Academic: manuscript on the Gcom1-NR1 interaction and inhibition of NMDA toxicity in rat primary cortical neuronal cultures was accepted and has been epubbed (9 October 2008) in NeuroReport. I have two new, first author manuscripts on GCOM1/GRINL1A in preparation and am coauthor on a soon to be submitted invited review article on Anesthetics and Neurotoxicity.

Description of Clinical Expertise

Off-site (out-of-OR) anesthesiology. Anesthesia for spine surgery.
Difficult airway management: courses at ASA Annual meeting and MD Anderson Cancer Center plus daily use of Glidescope and Fiberoptic methods.

Description of Other Expertise

Research training, teaching and mentoring of undergraduate, graduate and medical students, PhD and MD PhD candidates, residents and post-doctoral fellows, at least 25 since the end of my residency (1989) in molecular biology, molecular genetics and genomics.

Selected Publications

Roginski RS, Mohan Raj BK, Sundeep M, Yang J: GRINL1A proteins interact with an NMDA receptor subunit in transfected cells raising the question of in vivo interaction. Society of Neuroanesthesia and Critical Care 2002 Annual Meeting abstract/J Neurosurg Anesthesiol 2002.

Roginski RS, Mohan Raj BK, Birditt B, Rowen L: Hippocampal expression of a human GRINL1A complex transcription unit (CTU) splice variant suggests a role in neuroprotection. American Society of Anesthesiologists 2002 Annual Meeting abstract 2002.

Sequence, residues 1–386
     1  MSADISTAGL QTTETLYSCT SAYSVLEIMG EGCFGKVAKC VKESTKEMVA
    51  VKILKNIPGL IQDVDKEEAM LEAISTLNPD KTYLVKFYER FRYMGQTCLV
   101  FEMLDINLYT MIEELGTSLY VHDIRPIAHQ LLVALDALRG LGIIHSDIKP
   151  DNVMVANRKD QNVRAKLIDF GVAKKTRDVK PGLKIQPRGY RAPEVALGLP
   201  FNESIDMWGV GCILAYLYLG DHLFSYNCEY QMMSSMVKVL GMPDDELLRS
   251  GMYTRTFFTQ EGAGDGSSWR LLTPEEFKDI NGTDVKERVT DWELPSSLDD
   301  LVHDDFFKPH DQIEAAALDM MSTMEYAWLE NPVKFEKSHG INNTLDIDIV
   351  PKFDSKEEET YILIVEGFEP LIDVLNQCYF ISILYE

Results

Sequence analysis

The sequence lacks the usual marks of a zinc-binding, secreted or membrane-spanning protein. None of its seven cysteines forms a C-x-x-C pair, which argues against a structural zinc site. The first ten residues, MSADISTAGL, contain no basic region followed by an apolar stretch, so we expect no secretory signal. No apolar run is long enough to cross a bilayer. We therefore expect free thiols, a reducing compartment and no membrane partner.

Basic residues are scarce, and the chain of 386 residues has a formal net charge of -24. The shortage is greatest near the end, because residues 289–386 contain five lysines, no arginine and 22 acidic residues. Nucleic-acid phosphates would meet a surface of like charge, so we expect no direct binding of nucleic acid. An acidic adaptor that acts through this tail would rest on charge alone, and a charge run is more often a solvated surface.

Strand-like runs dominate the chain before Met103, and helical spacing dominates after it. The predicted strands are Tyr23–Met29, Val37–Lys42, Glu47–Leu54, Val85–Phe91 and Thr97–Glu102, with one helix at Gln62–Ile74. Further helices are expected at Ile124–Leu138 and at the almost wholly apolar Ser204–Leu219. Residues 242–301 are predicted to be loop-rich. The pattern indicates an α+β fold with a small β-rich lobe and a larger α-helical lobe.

Roginski RS, Mohan Raj BK, Sundeep M, Yang J: Expression of a GRINL1A protein in the presence of an NMDA receptor subunit in transfected cells reveals co-localization in the plasma membrane and raises the question of a possible in vivo interaction. American Society of Anesthesiologists 2002 Annual Meeting abstract 2002.

Roginski RS, Mohan Raj BK, Finkernagel SW, Sciorra LJ: Assignment of an ionotropic glutamate receptor-like gene (GRINL1A) to human chromosome 15q22.1 by in situ hybridization. Cytogenetics and Cell Genetics 93: 143-144, 2001.

Mohan Raj BK, Roginski RS, Finkernagel SW, Sciorra LJ: Assignment of GRINL1B, a glutamate receptor-like processed gene, to human chromosome 4q12 by in situ hybridization. Cytogenetics and Cell Genetics 95: 238-239, 2001.

Wydner KS, Mohan Raj BK, Sciorra, LJ, Roginski RS: The mouse orthologue of the human ionotropic glutamate receptor-like gene (GRINL1A) maps to mouse chromosome 9. Cytogenetics and Cell Genetics 95: 240-241, 2001.

Mohan Raj BK, Roginski RS, Finkernagel SW, Sciorra LJ: Hippocampal expression of human GRINL1A, a new glutamate receptor-like gene. J Neurosurg Anesthesiol 13(4): 363 #31, 2001.

Roginski RS, Mohan Raj BK: Protein expression and exon mining of GRINL1A, a new glutamate receptor-like gene expressed in the human hippocampus. Anesthesiology 95: A777, 2001.

El-Maghrabi EA, Roginski RS, Elnabawi AM, Eldefrawi M, Eckenhoff RG: Effect of volatile anesthetics on glutamate transport. Gordon Research Conference: “Membrane transport proteins.” New London, CT July 2000.

Mohan Raj BK, Roginski RS, Finkernagel SW, Sciorra LJ: Chromosome mapping of a new glutamate receptor gene suggests roles in neuroprotection and autism. J Neurosurg Anesthesiol 12(4): 414 #54, 2000.

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Last updated: 01/24/2012